Not only did UW deliver the quick strike, it showed run game can also be methodical. Getting the ball to start the third quarter, Wisconsin executed a methodical 11-play drive that erased the first 6 minutes, 11 seconds off the third quarter clock.

Of UW's 10 scoring drives, five were at least 3:50, as the Badgers dominated the Hoosiers in time of possession: 39:27 to 20:33.

Not only did Wisconsin's tailbacks get its production, the Badgers utilized the still flexible legs of Phillips. Despite three ACL surgeries, Phillips made plays with his arm and his legs. He scrambled 52 yards in the third quarter, out running defenders and executing a stiff arm to set up a UW field goal.

He made blocks down field and ran interference on some of UW's longest touchdown runs, but the play Phillips was the proudest of was his 17-yard completion to Derek Watt in fourth-and-2, one of only seven attempted passes. Not because of the end result, but because Phillips stood in and took a hit while still delivering the pass.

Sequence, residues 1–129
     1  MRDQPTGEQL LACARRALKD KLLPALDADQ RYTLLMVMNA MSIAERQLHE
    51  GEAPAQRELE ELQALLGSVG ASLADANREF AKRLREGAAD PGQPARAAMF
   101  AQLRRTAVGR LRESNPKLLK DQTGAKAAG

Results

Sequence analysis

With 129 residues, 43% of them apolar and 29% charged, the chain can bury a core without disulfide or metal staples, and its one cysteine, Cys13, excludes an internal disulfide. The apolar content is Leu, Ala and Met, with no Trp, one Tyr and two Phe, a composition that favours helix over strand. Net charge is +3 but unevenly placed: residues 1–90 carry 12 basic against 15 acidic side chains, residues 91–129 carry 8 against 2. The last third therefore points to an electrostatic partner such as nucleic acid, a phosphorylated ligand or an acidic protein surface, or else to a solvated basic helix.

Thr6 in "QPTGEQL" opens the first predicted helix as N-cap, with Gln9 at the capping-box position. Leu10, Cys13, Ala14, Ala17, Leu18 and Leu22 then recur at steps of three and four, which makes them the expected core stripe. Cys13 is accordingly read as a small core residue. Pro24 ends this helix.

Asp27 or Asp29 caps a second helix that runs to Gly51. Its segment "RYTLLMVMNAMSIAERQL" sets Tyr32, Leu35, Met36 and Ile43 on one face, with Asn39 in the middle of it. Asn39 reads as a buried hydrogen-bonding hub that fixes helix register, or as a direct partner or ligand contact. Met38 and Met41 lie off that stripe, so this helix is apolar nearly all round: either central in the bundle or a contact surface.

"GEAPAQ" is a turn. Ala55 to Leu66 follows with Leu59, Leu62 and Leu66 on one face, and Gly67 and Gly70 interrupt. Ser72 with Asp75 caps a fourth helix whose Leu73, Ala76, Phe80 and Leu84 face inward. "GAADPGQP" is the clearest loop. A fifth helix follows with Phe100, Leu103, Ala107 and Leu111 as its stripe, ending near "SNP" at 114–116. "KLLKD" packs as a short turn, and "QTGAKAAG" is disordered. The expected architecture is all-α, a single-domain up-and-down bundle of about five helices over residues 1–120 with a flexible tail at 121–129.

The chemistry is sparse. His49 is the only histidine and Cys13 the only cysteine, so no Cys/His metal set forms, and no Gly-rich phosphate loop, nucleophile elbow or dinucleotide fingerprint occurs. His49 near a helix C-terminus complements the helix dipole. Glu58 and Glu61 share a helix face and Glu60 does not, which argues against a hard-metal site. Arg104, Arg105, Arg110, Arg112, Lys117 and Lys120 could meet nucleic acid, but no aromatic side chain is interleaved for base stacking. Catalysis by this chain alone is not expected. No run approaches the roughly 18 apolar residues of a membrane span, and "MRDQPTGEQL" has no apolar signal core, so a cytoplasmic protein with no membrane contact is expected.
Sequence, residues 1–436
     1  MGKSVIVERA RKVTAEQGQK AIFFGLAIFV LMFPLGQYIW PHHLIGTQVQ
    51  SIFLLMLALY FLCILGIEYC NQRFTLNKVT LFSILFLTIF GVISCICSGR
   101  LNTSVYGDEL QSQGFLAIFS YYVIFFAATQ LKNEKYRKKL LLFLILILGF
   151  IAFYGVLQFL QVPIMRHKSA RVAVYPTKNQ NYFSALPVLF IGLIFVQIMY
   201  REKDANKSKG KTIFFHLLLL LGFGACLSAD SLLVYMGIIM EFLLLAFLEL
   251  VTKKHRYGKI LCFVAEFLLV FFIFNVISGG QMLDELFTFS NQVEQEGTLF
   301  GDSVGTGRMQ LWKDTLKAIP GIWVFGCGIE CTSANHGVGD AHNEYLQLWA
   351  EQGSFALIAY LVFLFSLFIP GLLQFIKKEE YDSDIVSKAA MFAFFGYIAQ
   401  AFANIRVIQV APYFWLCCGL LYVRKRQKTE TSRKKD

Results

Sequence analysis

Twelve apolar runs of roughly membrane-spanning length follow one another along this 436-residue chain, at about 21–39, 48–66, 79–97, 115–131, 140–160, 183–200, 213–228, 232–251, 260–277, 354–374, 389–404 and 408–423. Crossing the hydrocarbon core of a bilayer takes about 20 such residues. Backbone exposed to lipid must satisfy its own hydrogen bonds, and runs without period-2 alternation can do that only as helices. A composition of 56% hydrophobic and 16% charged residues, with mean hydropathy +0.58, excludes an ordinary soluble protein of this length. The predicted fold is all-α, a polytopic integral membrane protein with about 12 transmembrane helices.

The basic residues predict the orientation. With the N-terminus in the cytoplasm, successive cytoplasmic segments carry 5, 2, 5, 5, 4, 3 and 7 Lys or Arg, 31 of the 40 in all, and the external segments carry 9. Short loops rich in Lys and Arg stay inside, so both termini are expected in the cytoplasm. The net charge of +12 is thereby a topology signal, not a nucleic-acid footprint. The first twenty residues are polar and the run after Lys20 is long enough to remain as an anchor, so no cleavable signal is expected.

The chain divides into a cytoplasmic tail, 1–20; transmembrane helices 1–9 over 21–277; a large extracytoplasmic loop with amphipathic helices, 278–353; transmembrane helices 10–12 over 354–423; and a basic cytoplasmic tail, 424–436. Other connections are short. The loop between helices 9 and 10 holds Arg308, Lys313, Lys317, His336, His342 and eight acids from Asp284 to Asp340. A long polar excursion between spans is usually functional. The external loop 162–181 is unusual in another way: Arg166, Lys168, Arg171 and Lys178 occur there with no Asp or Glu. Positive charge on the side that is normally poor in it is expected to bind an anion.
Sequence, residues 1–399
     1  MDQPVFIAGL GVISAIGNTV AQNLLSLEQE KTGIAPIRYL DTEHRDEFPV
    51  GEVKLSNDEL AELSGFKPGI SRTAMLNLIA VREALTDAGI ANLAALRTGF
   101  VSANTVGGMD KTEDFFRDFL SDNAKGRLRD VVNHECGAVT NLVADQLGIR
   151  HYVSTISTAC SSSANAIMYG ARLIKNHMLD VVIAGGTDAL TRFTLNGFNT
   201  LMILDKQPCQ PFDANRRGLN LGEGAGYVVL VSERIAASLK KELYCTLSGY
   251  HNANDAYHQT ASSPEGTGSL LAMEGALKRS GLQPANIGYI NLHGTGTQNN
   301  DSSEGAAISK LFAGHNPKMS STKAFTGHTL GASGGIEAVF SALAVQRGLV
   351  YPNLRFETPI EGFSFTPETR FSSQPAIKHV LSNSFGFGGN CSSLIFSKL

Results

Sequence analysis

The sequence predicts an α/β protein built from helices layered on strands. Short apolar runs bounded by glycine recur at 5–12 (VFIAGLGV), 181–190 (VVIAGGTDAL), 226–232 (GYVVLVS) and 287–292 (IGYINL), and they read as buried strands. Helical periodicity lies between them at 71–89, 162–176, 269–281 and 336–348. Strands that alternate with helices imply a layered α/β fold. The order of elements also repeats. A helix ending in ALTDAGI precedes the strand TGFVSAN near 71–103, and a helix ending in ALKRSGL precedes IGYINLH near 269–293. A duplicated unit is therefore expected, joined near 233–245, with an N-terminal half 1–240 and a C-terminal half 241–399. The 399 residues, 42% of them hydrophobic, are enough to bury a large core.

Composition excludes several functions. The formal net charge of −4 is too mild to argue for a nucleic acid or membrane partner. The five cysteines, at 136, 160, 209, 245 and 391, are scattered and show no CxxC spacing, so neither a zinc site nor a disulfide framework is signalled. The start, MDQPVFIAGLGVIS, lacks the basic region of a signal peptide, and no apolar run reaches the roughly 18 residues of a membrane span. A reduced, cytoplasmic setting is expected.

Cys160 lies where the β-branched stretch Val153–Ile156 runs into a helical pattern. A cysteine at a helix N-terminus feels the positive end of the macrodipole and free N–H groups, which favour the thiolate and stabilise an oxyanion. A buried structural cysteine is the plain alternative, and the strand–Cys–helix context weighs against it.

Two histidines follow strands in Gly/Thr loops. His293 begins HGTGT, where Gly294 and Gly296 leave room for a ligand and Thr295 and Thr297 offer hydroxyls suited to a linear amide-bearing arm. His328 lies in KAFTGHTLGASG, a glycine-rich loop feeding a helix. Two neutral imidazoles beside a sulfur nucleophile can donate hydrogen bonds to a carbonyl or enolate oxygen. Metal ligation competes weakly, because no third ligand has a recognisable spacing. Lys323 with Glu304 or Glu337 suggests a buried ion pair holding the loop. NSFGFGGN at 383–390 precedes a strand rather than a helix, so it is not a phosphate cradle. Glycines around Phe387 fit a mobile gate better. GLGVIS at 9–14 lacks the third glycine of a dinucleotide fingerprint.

"I came trying to act like I had nothing to lose and just have fun," said Phillips, who had 20 tickets at his disposal for family and friends. "I definitely did."

Thanks to Phillips managing the offense, the last two games are now a formality, but don't expect anyone in Wisconsin's locker room to admit that.

Ohio State (10-0, 6-0) will bring in the conference's top scoring offense (41.3 points per game) to Madison next weekend for UW's final home game; a contest UW has circled since Buckeyes quarterback Braxton Miller stunned the Badgers in Columbus last year. If Ohio State wins one of its final two games, it wins the division outright.